AMS Installed and Ready for Operation


The operation required high-precision work on the part of the Endeavour astronauts: in a four-hour procedure on May 19, the Alpha Magnetic Spectrometer (AMS) was moved out of the shuttle's payload bay and delivered to its permanent position on the International Space Station's starboard truss. From there, the 7-ton instrument will provide precise data on cosmic radiation and help to unravel the mysteries of antimatter and dark matter in the universe.

  Control Room at the Johnson Space Center, Houston.

"We are delighted that the AMS has survived the ride intact and that we are already receiving data from it", says Professor Stefan Schael, Chair of Experimental Physics at RWTH Aachen University. The physicist coordinates the activities of the team of German scientists currently working at the Johnson Space Center in Houston, USA to prepare the AMS for operation in space.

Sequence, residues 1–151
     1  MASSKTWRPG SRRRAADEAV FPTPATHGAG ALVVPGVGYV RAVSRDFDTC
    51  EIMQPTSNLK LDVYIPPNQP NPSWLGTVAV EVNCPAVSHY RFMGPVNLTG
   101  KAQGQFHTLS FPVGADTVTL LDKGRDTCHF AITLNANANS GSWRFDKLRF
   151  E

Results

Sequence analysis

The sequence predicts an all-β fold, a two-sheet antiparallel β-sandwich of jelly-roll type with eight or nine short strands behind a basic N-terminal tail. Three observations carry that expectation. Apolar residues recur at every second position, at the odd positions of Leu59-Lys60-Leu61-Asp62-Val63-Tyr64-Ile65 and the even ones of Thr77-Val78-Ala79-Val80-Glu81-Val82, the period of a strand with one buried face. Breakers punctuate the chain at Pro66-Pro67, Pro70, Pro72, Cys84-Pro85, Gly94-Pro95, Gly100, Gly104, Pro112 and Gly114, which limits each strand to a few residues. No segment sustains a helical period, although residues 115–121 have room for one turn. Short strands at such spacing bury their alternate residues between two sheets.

It took an entire day for the international team, which includes researchers from Aachen and Karlsruhe, to activate the AMS and boot up its 650 computers. In subsequent test runs, the team made sure that the instrument has survived the launch and is fully operational.

Having activated the spectrometer's detectors, the main task will now be to adjust the 300,000 aerials, which make it possible to receive high-quality data on cosmic radiation – soon, the spectrometer will be collecting about 2,000 events per second and relay the images to the ground centres in Houston and Geneva.

Before relocating to CERN, Geneva, the Aachen researchers will stay in Houston for about one year to work on the analysis of AMS data.

"The AMS is a decidedly long-term project in fundamental research," explains Prof. Schael. "It will take us years to bring in the scientific harvest of this experiment. But we look forward to gaining fundamental insight into the composition of the universe, which still presents many mysteries, such as the nature of dark matter."